WASHINGTON – Most of the nation’s law firms continue to make diversity programming a priority, but economic constraints have led to fewer full-time diversity professionals on staff, according to a new survey from the Minority Corporate Counsel Association, Inc. (MCCA) and the Association of Law Firm Diversity Professionals (ALFDP).
Conducted earlier this spring, the 2011 Law Firm Diversity Professional Survey asked diversity representatives at 113 law firms across the country about their roles and their firms’ diversity programs. Eighty percent of responses came from large law firms, with greater than 200 lawyers, and the remaining 20% were from firms with 200 or fewer lawyers.
About 82% of surveyed firms report having a law firm diversity professional, up slightly from 79% in 2010. However, 67% of firms without diversity professionals said they do not intend to establish such a position.
There was a significant drop in the number of diversity professionals doing full-time diversity work – only 39% – down from 51% in 2010. Also, the number of firms whose diversity professional is a practicing lawyer with a billable requirement jumped from 17% in 2010 to 29% this year. In fact, no firm with fewer than 200 lawyers reported having a diversity professional spending 100% of time on diversity matters, with many spending less than 25% of their time on diversity matters.
Eighty percent of respondents said their firms’ diversity budgets (combining internal and external efforts) will remain the same or increase this year. Of those, about 20% expect their budgets to be higher, up from 14% in 2010.
Almost all (99%) respondents said their firms have diversity committees, and 96% of the committees include partners. More diversity professionals are serving as diversity committee chairs, 33% this year versus 27% in 2010.
“Despite the slow economic recovery, it is encouraging that the most law firms are still committed to promoting diversity,” said Veta T. Richardson, MCCA’s Executive Director. “The study shows that while law firms may not be able to devote quite as many resources to their diversity programs as in the past, it is still a priority for them.”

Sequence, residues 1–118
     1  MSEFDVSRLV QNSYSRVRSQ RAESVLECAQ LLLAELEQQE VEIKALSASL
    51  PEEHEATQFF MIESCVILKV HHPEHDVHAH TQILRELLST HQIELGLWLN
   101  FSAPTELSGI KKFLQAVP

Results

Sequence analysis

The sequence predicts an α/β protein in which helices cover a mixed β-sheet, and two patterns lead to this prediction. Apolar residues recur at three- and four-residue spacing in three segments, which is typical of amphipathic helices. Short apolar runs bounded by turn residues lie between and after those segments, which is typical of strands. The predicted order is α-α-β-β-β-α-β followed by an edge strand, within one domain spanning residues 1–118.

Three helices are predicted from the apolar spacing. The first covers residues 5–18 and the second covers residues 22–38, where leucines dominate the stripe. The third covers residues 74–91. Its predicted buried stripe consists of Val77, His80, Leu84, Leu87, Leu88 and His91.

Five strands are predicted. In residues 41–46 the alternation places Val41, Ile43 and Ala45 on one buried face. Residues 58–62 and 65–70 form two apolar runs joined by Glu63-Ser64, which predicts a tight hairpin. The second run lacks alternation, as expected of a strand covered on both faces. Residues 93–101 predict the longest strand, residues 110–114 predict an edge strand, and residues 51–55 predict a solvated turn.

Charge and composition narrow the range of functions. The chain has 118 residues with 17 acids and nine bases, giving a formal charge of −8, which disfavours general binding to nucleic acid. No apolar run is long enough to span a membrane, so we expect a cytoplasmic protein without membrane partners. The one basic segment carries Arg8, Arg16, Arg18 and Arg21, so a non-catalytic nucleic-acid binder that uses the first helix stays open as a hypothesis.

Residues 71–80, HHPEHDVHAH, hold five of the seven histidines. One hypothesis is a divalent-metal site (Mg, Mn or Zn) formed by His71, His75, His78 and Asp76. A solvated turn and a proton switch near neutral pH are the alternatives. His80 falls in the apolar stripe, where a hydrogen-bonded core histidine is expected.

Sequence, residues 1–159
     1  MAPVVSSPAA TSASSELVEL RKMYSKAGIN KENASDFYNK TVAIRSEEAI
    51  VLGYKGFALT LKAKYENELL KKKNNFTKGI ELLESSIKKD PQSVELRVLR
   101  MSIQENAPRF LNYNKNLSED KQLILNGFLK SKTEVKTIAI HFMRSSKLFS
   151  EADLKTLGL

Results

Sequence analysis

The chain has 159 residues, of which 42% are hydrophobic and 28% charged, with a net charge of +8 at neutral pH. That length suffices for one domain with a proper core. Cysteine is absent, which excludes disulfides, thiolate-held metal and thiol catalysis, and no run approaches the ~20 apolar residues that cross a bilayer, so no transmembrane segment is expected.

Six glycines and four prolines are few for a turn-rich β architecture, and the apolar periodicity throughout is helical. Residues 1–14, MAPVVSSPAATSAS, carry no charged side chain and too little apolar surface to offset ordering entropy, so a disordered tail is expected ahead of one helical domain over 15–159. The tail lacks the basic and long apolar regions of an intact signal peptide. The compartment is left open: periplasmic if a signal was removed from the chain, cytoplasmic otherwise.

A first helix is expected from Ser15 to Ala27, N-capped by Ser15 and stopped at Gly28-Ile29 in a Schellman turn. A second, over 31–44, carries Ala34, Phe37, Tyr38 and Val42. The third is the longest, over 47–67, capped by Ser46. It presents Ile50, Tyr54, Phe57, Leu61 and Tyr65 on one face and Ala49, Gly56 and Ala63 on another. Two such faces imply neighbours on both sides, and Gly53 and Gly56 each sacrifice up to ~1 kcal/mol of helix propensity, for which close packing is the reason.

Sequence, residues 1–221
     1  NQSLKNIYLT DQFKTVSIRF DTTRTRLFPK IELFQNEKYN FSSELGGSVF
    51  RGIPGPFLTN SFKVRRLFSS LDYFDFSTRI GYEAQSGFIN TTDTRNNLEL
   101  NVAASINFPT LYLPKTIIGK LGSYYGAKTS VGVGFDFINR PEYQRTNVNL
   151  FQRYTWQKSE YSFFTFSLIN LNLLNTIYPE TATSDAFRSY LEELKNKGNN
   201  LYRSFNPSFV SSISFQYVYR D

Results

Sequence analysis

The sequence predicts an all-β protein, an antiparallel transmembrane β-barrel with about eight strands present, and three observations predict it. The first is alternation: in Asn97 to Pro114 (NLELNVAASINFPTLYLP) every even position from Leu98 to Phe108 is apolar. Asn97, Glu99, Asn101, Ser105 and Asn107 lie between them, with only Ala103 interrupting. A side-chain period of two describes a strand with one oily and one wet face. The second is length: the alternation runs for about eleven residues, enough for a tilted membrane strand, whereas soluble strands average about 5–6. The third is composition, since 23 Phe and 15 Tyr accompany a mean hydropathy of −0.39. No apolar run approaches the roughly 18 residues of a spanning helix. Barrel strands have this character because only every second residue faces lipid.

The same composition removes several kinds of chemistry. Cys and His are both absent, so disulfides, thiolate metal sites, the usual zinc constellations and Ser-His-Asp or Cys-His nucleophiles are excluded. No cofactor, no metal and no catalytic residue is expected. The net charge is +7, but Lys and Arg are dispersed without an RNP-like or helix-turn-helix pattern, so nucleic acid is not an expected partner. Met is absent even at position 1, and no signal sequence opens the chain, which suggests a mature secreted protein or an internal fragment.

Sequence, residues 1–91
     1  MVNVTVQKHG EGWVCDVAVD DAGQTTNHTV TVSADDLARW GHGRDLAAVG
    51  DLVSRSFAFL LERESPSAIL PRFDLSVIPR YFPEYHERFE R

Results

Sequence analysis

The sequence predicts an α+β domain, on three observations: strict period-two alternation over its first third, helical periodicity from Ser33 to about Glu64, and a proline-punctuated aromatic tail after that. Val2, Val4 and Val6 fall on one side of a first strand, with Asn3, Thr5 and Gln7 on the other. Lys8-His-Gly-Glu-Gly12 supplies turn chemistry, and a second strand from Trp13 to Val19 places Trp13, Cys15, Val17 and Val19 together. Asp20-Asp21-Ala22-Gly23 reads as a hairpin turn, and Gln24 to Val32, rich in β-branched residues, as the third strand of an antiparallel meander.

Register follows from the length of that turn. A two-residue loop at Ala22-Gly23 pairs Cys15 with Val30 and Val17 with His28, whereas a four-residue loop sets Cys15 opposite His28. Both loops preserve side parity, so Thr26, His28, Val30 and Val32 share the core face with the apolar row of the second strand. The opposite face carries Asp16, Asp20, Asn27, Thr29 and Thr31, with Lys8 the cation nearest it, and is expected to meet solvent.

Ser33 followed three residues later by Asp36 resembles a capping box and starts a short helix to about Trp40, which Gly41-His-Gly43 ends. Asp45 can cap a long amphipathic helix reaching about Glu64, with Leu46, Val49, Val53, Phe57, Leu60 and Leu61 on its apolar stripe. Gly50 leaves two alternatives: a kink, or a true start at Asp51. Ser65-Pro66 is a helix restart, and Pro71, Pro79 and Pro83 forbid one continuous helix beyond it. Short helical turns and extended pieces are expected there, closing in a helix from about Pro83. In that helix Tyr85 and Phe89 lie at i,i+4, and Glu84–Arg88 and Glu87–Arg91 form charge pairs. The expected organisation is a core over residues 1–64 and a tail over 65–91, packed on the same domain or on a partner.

“It is gratifying to note an increase in the percentage of law firm’s employing a diversity professional, coupled with a 15% increase in the number of firms responding to this year’s survey,”said Maja D. Hazell, President of the Association of Law Firm Diversity Professionals and Director of Diversity and Inclusion at Fried, Frank, Harris, Shriver & Jacobson LLP. “The widely varied nature of the areas of responsibility of diversity professionals, including the role of 95% of those surveyed in developing programs to create an inclusive environment and encourage retention of all lawyers, demonstrates their clear value add to the legal profession in achieving diversity goals.”
Other highlights of the 2011 Law Firm Diversity Professional Survey included:
Nearly three quarters (74%) of respondents said their firm’s diversity professional is female, and 60% report their firm’s diversity professional is a woman of color, up from 55% in 2010.
77% of diversity professionals hold a juris doctor degree.
Salaries for diversity professionals range from “less than $75,000” for those at the coordinator and non-lawyer managerial levels to “greater than $325,000” for more experienced diversity directors. The percentage who reported earning less than $175,000 fell to 42%, which was a 5% decrease from 2010, while the 34% who reported earning more than $225,000 was slightly lower than the percentage reporting this level of income in 2010.
Re sponsoring diversity events, almost three-fourths (74%) of respondents expect their numbers to remain the same this year.
Stellar Coaching, LLC, a national workplace consulting firm, administered the survey online for MCCA and ALFDP early in 2011. In addition to surveying ALFDP members, the Am-Law 200 firms were invited to participate. This is the fourth year for the survey, the first being conducted in 2008.